by Dov Goldstein
Well, in order to breed this fish I needed to start with a pair. I begged John Shaw for a bag of 4 at a fall ‘99 auction after I missed them when they came up. He agreed, as long as I give him some when I breed them. So now I had 4 fish; well, within a week I had three, as I guess someone in the tank did not like that fish. I found out that these fish are much more timid than their other Jewel cousins are. The tank I acclimated them into had a small colony of Lamp. congoensis, a riverine species. In addition there is a small colony of Schwetzochromis stormi, another riverine species. Both species are quite tough, and the Schwetzos can be downright nasty! To duplicate a West African River setup, I have a Fluval 403 with a spray bar on the 40 breeder aquarium. This makes for a nice current in the tank. Eddies are created by placing different sized stones and clumps of Java fern all over the bottom. The fish spend all day darting and diving in and out of the rocks and rootwood.
Once the male and female pair-bonded, they drove the other Jewel, a male I assume, to the opposite end of the tank. They then staked out a flat piece of rootwood, suprisingly out in the open, and laid about 40-50 eggs. I did not see the egg-laying process the first time; I just looked into the tank and where there were two subdued pink fish, there were now two flame red fish, with two black spots on their sides. The real pretty blue spots on their cheeks and fins really stood out in contrast to the red body. The fish did not seem to mind the water being moderately hard and with a pH of 7.4, both of which are quite a bit higher than that found in their natural habitat. The water was relatively warm, about 78-80°, which they appreciated.
The eggs, which were round and opaque, hatched in 48-72 hours, at which time the parents moved them. They placed them one by one inside a small Java fern that was growing on the underside of the log. About four days later, the fry became free swimming. During that time the parents moved the fry into a pit the male dug for this purpose. They moved them periodically to other pits, also prepared by the male. Once they became free swimming I proceeded to siphon the fry out, because I observed just how these little fish love to explore. With the other cichlids in the tank waiting for a little jewel snack I decided the fry had a better shot in their own tank. Plus I would be able to deliver food directly to the fry, a problem in a large tank filled with hungry fish.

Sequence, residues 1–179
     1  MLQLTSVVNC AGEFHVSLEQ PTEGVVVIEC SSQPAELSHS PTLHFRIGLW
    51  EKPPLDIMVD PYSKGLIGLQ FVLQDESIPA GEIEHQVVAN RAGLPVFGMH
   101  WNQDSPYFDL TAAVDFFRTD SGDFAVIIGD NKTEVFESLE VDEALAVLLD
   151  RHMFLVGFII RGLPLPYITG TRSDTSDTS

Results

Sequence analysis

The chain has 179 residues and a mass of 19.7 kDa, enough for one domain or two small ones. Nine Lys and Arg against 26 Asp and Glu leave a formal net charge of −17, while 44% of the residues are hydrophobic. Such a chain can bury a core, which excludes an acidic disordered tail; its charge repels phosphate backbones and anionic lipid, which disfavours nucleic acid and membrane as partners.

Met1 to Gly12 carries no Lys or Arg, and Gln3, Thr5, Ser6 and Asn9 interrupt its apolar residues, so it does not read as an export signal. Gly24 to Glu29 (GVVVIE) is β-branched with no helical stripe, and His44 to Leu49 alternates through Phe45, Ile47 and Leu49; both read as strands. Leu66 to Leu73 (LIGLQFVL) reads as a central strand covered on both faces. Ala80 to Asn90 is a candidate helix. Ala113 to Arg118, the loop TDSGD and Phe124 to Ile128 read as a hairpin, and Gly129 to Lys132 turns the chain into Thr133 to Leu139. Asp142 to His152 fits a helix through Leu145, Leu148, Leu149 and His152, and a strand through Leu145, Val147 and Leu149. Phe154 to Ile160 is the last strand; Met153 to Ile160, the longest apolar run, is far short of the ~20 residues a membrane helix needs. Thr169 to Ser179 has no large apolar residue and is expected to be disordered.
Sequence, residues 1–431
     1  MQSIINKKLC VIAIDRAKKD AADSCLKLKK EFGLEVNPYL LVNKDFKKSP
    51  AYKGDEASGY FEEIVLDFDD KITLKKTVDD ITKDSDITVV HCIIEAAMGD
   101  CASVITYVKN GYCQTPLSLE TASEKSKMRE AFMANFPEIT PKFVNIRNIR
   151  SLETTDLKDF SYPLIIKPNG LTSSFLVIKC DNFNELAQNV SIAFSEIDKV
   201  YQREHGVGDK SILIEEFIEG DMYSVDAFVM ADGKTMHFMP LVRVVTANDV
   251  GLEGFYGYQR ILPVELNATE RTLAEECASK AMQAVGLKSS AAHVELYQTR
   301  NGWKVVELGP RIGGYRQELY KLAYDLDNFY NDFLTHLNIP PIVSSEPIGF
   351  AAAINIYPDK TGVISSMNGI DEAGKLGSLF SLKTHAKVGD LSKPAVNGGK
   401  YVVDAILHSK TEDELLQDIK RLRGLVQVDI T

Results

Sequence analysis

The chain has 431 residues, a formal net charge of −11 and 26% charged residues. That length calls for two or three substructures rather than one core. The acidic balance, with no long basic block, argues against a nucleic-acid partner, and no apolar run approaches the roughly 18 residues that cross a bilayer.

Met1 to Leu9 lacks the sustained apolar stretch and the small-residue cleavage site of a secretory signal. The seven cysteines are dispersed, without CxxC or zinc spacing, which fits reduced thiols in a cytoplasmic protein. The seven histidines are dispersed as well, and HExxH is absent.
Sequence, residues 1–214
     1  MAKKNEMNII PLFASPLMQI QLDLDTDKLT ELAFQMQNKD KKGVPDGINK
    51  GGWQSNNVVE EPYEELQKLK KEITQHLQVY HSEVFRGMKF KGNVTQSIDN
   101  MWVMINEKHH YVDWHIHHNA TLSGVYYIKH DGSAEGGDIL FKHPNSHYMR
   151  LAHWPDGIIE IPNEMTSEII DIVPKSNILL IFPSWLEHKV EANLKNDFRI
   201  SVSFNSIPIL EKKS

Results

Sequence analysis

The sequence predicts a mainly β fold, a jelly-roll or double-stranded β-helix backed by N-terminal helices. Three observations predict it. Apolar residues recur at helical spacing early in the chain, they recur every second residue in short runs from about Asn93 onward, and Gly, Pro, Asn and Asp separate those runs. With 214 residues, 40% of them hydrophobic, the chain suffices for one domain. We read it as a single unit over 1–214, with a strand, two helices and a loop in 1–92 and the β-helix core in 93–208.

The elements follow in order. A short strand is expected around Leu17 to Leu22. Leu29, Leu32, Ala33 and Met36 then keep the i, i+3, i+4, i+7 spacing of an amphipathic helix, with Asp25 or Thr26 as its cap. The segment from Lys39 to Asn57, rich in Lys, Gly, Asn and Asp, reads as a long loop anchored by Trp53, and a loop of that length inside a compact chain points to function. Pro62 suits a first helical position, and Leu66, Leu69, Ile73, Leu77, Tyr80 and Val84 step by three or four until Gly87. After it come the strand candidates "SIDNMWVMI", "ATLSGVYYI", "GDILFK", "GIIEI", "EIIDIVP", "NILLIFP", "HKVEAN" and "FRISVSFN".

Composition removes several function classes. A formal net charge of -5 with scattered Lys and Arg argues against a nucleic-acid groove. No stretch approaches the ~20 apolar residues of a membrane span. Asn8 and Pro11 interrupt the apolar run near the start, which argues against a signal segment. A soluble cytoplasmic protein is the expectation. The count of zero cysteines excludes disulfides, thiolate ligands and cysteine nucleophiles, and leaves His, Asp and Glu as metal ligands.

The tank they were moved to was a 10-gallon bare-bottomed tank, with a Tetra Brilliant sponge filter, being driven by a pretty fast airflow. I am feeding the fry once a day with freshly hatched brine shrimp and once with Artemia Replacement Diet. They do grow faster on just brine, but we all know what has happened to the cost of that lately. I siphon the bottom once a day, and I threw in a couple of common snails to eat the excess food I miss. By five weeks they have reached a size of about 3/4". Don’t know yet when they will be sexually mature, as none of mine are that old yet.
This is a fun fish I can recommend to everyone, due to their interesting behavior. They also would do real well in a community tank setting as they are too small to eat tetras or killies, and they ignore plants. So if you get a chance to acquire this fish, this is one purchase you will not regret.
This article first appeared in PVAS’s Delta Tale, Vol 31, # 2